U.S. Secretary of State Antony Blinken speaks at a press conference at the Fairmont Hotel in Jakarta, Indonesia December 14, 2021.
Olivier Douliery | Reuters
The United States is exploring additional actions against the ruling military junta in Myanmar, as the situation continues to deteriorate, the U.S. Secretary of State Antony Blinken said Wednesday.
“In the 10 months since the military coup, … the crisis only continues to worsen,” Blinken said during a press conference in Malaysia, as part of his Southeast Asia trip that’s aimed at improving relations with the region.
“It’s going to be very important in the weeks and months ahead to look at what additional steps and measures we can take individually, collectively to pressure the regime to put the country back on a democratic trajectory,” he said during a joint press appearance with Malaysian Foreign Minister Saifuddin Abdullah.
Myanmar’s military regime ousted former leader Aung San Suu Kyi in a coup in February, sparking fierce clashes between her supporters and the army.
A special court in the military-run country sentenced her to four years in prison last week, after finding her guilty of incitement and violating coronavirus restrictions.
Blinken said the U.S. is also “actively looking” at whether the junta’s treatment of the country’s Muslim Rohingya minority might constitute genocide.
Last week, the U.S., Canada and the United Kingdom jointly imposed sanctions on Myanmar’s “military actors responsible for violence and repression” over human rights abuses.
However, Peter Mumford, practice head for Southeast and South Asia at Eurasia Group, pointed out that sanctions from the U.S. and the international community would have little impact on pressurizing the junta to change course.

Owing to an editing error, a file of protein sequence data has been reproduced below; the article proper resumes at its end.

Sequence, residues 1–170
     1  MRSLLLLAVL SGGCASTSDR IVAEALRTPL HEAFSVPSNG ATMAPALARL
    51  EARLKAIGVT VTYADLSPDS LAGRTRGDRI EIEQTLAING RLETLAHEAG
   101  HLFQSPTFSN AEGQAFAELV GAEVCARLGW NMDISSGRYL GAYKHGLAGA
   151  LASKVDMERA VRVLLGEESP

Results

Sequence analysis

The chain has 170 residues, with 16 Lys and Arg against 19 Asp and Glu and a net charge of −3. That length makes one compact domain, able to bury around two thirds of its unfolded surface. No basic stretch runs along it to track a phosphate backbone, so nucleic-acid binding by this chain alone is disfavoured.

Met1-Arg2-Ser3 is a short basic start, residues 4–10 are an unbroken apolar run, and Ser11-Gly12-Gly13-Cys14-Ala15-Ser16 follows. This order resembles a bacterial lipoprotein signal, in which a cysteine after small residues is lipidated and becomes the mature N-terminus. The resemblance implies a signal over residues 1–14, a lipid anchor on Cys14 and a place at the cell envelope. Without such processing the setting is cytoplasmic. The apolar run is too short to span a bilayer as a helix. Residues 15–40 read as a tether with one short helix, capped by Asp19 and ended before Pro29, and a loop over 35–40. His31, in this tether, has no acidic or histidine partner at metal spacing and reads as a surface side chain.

“What Washington is trying to do is exert more pressure on the junta in Myanmar to certainly refrain from severe violence and put the country back on a course towards elections,” Mumford told CNBC’s “Squawk Box Asia” on Wednesday.
“And there’s a question about how far the U. S. and other countries will really want to go on sanctions — given concerns that could have a negative impact on the population,” he added. “So really there’s very little, I think realistically, that the U.S. can do to change what’s happening with Myanmar.”
Malaysia’s foreign minister, who was also at the same press conference as Blinken, said the Association of Southeast Asian Nations needs to “do some soul-searching” over events in Myanmar.
The 10-member ASEAN bloc has been struggling to get Myanmar’s military government to stick to a five-point consensus plan agreed on earlier this year, which includes ending violence.
“We cannot go on like this,” Saifuddin said. ASEAN needs to look beyond the principle of “non-interference” to tackle the crisis in Myanmar, he added.
“ASEAN should also look at the principle of non-indifference because what happens in Myanmar is already getting out of Myanmar. It has gone to Bangladesh and Malaysia is now hosting close to 200,000 refugees of Rohingya,” he said.